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Vector fonts are used more often than raster ones (because they're scalable), right?

Why are they rasterised?

What is the benefit of converting vector fonts into raster fonts?

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What are you talking about exactly? Where are vector fonts rasterized? Any example? –  slhck May 25 '11 at 14:06
    

3 Answers 3

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anything that needs to be displayed/printed would ultimately need to be rasterised as neither your display nor your printer displays things by means of vectors. rather, they display things pixel by pixel (pixel = picture element, for the matter), in a relatively raster manner

so eventually one needs to have an approximation of what the perfect curve is like in terms of pixels, either black-or-white or with some grayscale dithering.

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i see. i meant, what is the benefit of raster fonts when compared to vector fonts?? –  DrStrangeLove May 25 '11 at 14:03
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@DrStrangeLove There is no benefit per se, but in order to be displayed on a pixel-based display you need to rasterize fonts, because an array of pixels can't just display a vector. –  slhck May 25 '11 at 14:11
    
Wasn't the main benefit of raster fonts the fact that they don't have to be rasterized? I'm not sure if I remember correctly, but I think that I've read somewhere that good rasterization of fonts was a major problem for some time. –  AndrejaKo May 25 '11 at 15:05
    
Good rasterization was a major problem -- of course they solve it by including pre-made raster font in lower point settings. with raster font the font (of course) is optimized already for all available point sizes. Nowadays with these subpixel rendering (and raster font included in vector fonts for small font size as well) good rasterization is considered a solved problem... –  bubu May 25 '11 at 18:29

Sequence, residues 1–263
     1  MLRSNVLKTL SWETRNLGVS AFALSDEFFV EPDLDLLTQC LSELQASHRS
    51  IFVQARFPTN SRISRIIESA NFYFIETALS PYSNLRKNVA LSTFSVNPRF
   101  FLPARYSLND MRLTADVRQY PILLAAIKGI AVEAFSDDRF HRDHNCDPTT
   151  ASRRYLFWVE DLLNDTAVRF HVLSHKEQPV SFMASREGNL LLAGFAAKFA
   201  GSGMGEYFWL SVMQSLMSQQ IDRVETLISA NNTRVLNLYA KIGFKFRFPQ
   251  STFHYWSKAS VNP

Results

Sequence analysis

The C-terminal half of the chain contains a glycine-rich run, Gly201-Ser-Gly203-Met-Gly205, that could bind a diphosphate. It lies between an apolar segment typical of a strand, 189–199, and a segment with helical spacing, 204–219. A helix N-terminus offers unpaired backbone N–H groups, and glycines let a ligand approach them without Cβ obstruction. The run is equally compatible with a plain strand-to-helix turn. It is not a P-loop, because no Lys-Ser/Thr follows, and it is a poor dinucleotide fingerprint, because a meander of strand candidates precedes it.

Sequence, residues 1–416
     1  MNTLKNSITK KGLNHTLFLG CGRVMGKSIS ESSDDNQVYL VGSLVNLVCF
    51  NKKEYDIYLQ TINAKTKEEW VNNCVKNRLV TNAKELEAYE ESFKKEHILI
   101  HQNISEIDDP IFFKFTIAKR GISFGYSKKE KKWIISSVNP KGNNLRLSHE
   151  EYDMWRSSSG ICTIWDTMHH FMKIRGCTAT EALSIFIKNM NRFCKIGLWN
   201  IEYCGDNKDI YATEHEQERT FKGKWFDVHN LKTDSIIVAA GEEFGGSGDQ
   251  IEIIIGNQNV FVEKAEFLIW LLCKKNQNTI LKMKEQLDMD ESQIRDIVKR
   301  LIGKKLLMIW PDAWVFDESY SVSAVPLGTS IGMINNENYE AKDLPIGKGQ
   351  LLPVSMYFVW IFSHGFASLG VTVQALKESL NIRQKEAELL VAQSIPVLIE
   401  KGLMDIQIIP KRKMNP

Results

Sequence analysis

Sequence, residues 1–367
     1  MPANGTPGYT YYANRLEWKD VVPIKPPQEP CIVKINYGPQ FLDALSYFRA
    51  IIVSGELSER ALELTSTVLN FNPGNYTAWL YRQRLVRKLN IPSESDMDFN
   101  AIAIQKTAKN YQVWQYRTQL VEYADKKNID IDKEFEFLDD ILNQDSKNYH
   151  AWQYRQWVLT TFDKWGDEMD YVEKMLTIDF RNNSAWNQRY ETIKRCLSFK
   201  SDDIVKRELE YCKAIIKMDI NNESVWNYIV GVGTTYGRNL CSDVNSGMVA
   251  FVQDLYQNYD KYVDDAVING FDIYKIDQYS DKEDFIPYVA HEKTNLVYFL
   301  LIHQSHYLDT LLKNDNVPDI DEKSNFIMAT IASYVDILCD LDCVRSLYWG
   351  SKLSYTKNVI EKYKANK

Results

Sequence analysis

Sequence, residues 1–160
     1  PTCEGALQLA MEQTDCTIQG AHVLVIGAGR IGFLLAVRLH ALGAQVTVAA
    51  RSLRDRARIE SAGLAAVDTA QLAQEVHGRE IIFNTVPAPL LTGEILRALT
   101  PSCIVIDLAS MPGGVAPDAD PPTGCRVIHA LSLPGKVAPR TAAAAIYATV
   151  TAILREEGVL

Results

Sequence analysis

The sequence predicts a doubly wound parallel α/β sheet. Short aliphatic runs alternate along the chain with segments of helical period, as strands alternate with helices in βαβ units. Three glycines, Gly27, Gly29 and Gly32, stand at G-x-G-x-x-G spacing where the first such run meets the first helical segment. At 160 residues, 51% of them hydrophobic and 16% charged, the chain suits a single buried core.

The main benefit is that you can tweak the bitmaps very carefully for specific, often used sizes.

At larger point sizes, say at 72pt, the curves are nice and round at a distance. But once you get down to smaller sizes, say 8 pt, you get really bad aliasing and you'd want to tune more specific type things like x height and kerning and so on.

Apple fonts used to have, for a given typeface, bitmap (rasterized) fonts in specific sizes to make them look best on screen for the common sizes, and a vector font for all other sizes. So you'd look at the font package, see 10pt, 12pt, and a TrueType font package for the typeface. Finetuning the bitmap used to make a bit more sense when everyone had the same display and the same printer resolution. Not sure how useful it is now in the age of the Retina Display.

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A vector font has to go through a rasterization process in order to be displayed. This involves "drawing" the font on a bitmap within a section of memory (memory directly connected to the screen or other intermediate memory buffer) which takes time.

With a rasterized font, it's been drawn already (rasterized fonts are just collections of bitmaps), so it just needs to be copied (and scaled) to its final destination.

So rasterized fonts, especially ones that don't have to be scaled (i.e. being viewed at their "native" size), will render faster.

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